Talena Lachelle Queen's Poem Featured in New Jersey Black History Curriculum


IAS alum Talena Lachelle Queen (MFA in Creative Writing & Poetics, 2014) has been busy at work with the New Jersey Education Association (NJEA) to support the design and implementation of representative curricula throughout the state.

Queen's poem "How Do I Tell Them," which appeared in the 2014 issue of Clamor: UW Bothell's Literary and Arts Journal while she was student, plays a key role in the development of new Black History curriculum in New Jersey. It addresses what it means to be a Black mother in America, and the difficult questions surrounding the violence and racism experienced by African Americans that mothers are called on to answer—questions that continue to resonate and reverberate.

The text, which is full of historical, cultural, and literary reference, provides the backdrop for a series of 20 educational posters on key figures and topics from the poem. Educators and curriculum designers taking part in NJEA's training sessions have the opportunity to hear Queen perform the piece and post their responses to a FlipGrid presentation that includes prompts for further reflection. The resulting tapestry of reminiscences, meditations, and commitments brings educators and designers into close dialogue about their own role in answering the question, "how do I tell them?" with respect to New Jersey schoolchildren.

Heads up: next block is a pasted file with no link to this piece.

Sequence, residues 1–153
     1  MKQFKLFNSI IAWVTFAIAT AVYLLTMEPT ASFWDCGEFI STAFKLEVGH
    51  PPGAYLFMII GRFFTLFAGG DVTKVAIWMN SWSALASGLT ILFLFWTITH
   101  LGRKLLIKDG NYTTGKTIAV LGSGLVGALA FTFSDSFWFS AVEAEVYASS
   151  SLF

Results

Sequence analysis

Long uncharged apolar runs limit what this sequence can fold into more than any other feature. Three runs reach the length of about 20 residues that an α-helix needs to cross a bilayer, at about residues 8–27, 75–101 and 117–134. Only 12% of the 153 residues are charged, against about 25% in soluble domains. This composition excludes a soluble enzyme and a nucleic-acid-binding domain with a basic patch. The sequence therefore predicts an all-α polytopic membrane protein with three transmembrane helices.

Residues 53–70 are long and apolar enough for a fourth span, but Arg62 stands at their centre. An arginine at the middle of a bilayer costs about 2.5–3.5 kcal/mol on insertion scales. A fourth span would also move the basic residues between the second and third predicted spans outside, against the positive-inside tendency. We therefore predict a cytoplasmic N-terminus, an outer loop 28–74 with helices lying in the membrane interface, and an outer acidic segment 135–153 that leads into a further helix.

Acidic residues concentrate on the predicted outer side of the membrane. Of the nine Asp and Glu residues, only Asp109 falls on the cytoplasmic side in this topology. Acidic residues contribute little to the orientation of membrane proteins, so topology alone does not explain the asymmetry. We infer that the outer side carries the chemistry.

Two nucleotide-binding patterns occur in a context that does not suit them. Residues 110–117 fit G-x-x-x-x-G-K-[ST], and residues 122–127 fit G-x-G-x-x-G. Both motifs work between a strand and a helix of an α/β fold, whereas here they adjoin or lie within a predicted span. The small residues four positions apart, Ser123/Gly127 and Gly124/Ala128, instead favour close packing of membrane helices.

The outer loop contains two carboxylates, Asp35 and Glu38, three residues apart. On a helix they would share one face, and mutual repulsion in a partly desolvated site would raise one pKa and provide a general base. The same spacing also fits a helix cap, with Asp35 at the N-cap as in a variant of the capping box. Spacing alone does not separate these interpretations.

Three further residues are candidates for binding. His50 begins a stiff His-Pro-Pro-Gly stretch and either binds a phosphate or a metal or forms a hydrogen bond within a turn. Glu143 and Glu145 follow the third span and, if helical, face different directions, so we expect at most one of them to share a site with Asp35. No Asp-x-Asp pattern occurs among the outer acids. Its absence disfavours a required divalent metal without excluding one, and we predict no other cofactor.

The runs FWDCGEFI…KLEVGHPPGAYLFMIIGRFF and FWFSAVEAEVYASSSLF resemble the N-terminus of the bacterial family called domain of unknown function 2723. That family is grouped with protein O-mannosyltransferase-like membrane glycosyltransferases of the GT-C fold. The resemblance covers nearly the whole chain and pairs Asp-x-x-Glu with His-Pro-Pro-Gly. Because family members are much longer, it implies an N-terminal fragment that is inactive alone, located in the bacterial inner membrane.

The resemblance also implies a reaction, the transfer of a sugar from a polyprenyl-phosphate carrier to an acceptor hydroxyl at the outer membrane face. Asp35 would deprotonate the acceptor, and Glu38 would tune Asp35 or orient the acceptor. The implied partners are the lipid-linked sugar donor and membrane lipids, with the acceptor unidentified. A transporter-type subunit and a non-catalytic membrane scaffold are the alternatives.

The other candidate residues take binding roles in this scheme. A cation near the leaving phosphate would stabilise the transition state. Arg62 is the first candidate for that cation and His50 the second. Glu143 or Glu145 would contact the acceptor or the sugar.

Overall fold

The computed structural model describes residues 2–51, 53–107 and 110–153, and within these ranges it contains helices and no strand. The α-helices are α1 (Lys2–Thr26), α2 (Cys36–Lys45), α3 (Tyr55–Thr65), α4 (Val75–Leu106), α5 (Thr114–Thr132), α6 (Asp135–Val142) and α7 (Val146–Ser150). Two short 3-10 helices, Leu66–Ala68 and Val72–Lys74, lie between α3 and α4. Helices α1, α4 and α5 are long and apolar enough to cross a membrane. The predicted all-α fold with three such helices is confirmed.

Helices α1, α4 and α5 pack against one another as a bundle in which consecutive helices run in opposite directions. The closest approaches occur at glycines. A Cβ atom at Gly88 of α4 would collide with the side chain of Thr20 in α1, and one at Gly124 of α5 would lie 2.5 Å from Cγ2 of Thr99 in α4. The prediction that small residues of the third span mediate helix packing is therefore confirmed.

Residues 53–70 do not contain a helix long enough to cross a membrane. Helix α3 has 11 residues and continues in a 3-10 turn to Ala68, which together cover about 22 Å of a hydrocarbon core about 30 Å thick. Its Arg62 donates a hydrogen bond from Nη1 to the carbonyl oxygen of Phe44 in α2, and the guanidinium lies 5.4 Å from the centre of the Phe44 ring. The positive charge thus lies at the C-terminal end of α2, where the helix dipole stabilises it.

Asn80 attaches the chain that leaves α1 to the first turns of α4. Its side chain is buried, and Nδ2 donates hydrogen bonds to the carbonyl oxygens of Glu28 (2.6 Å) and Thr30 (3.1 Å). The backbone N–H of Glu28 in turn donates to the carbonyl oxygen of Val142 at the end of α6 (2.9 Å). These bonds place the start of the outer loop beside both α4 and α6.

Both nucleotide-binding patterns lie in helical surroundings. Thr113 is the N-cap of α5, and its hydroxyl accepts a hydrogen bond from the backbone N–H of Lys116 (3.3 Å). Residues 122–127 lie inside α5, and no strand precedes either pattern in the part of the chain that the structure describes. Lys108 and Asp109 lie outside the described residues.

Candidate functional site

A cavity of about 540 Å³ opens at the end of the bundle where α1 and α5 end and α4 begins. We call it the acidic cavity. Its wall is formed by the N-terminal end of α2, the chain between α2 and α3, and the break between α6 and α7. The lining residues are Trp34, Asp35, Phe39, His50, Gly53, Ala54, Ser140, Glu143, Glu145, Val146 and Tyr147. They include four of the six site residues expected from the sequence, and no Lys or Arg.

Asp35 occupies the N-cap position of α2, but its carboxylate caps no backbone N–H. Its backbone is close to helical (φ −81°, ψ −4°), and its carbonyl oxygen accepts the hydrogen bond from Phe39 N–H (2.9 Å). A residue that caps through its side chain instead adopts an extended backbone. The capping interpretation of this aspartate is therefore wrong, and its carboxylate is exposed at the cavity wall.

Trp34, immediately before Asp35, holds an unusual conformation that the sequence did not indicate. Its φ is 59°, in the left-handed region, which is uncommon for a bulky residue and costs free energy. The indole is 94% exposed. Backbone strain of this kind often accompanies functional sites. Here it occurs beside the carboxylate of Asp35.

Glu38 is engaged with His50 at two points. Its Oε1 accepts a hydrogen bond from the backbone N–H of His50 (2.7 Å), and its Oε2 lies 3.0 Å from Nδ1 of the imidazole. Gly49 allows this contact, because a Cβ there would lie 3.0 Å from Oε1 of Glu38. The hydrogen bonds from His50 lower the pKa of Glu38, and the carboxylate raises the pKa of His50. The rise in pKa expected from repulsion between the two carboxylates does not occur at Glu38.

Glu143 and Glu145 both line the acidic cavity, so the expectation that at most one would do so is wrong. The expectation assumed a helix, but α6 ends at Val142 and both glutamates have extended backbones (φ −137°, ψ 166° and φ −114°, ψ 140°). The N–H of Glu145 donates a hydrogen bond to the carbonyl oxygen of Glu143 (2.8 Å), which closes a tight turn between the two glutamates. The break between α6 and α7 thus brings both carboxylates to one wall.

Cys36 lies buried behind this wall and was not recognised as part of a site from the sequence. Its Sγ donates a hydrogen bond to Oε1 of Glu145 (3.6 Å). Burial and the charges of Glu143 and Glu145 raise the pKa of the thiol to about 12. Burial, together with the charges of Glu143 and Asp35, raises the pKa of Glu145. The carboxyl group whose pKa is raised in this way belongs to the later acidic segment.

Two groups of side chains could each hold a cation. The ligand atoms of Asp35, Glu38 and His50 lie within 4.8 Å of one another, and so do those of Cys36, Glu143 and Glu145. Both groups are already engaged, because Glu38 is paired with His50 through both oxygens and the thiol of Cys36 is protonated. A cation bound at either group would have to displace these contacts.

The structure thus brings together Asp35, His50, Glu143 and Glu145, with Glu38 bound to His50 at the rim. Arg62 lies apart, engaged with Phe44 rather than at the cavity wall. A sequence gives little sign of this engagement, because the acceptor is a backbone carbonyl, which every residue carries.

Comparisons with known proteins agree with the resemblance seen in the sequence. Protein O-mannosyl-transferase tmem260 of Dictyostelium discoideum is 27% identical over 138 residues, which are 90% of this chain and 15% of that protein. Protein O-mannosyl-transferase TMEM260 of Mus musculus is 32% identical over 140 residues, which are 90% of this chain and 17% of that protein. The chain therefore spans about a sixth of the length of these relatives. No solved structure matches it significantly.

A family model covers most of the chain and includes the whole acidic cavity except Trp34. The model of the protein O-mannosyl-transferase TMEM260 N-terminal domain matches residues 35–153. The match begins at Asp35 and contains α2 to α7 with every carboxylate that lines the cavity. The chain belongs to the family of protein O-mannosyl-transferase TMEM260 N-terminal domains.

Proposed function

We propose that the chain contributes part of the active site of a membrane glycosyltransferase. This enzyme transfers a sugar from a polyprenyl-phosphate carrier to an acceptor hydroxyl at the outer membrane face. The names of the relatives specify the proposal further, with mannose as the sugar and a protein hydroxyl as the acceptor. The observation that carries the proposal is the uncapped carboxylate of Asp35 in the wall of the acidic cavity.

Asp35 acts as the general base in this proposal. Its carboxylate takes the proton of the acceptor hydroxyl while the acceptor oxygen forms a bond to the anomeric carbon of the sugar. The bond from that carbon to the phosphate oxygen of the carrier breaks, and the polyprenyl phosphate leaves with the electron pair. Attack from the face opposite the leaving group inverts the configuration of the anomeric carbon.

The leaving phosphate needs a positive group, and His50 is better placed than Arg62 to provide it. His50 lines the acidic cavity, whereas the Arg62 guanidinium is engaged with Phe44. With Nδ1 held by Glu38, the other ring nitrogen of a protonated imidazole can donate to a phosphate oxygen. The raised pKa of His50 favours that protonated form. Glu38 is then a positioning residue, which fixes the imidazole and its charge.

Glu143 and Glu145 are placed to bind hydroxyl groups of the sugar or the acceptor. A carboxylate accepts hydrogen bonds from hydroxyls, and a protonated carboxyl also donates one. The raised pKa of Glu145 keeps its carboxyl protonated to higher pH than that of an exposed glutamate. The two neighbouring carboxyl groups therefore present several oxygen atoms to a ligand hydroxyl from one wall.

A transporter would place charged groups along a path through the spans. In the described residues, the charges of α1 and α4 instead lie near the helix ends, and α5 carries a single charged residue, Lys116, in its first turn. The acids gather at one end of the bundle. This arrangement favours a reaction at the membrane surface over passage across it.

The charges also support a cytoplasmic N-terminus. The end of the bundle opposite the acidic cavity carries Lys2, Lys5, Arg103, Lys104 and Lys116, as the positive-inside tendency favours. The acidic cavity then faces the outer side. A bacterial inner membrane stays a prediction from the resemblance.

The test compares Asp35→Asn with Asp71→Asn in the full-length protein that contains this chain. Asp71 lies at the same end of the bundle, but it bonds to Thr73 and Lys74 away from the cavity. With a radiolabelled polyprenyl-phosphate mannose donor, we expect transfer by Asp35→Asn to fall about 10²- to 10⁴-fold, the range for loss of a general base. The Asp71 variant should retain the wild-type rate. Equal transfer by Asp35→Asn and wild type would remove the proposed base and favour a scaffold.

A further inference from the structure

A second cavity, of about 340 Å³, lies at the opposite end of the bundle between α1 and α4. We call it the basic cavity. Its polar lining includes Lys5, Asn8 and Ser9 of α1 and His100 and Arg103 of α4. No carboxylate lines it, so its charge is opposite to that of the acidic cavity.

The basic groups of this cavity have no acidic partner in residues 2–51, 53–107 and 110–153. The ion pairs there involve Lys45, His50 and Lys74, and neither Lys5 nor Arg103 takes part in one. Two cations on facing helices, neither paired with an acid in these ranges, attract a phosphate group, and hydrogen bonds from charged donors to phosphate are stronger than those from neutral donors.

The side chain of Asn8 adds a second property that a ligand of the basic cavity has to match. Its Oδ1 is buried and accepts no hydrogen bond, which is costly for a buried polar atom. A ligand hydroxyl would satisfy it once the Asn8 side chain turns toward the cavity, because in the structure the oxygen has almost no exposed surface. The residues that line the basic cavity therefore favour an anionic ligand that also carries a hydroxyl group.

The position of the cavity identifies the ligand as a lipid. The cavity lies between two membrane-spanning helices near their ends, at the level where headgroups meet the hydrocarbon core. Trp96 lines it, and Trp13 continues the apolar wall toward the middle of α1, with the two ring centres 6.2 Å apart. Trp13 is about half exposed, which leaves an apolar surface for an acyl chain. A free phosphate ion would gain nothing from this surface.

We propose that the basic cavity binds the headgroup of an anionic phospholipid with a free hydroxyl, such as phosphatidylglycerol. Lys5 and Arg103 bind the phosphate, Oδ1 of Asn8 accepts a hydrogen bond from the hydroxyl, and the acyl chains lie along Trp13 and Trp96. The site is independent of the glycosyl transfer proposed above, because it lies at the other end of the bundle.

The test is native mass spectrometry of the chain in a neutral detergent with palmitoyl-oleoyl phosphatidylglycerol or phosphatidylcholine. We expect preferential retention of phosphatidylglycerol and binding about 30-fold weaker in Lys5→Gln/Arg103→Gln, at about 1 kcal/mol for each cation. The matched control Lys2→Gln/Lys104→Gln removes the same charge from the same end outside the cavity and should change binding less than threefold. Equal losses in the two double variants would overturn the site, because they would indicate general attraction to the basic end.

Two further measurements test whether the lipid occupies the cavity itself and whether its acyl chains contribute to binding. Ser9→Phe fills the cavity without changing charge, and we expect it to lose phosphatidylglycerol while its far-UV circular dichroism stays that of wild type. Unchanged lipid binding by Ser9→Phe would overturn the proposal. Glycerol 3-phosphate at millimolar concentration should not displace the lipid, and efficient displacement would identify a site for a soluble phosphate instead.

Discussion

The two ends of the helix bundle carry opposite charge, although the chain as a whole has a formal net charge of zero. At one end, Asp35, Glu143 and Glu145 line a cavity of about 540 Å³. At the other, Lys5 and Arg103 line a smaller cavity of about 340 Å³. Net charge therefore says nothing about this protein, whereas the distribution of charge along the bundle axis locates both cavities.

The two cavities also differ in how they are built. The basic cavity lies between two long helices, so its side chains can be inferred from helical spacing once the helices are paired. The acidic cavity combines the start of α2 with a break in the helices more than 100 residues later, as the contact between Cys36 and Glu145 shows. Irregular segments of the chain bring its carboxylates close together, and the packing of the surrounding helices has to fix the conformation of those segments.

This project is part of NJEA's work developing an inclusive and representative curriculum throughout New Jersey schools—from Pre-K through twelfth grade. The state now mandates curriculum inclusion for Amistad, Holocaust and Genocide studies, LGBTQIA+, Persons with Disabilities, and Asian American / Pacific Islander history, and NJEA is working with educators across the state to support, in Queen's words, "the teaching of truth in the classroom."

Queen has been working closely with Chrissi Miles, Ed.D., Director of Professional Development and Instructional Issues for NJEA, who writes, "Queen has been an integral member of the design team, and the team has begun presenting as a way of heightening awareness and increasing interest in the work." Grounding their presentations in Queen's poem, NJEA opens a virtual space for participants to connect to one another, to Black History, and to the power of education.

Learn more about Talena Lachelle Queen and her work through her non-profit, WordSeed Inc., which hosts a wide range of initiatives to build community around words in Paterson, New Jersey, her home town.

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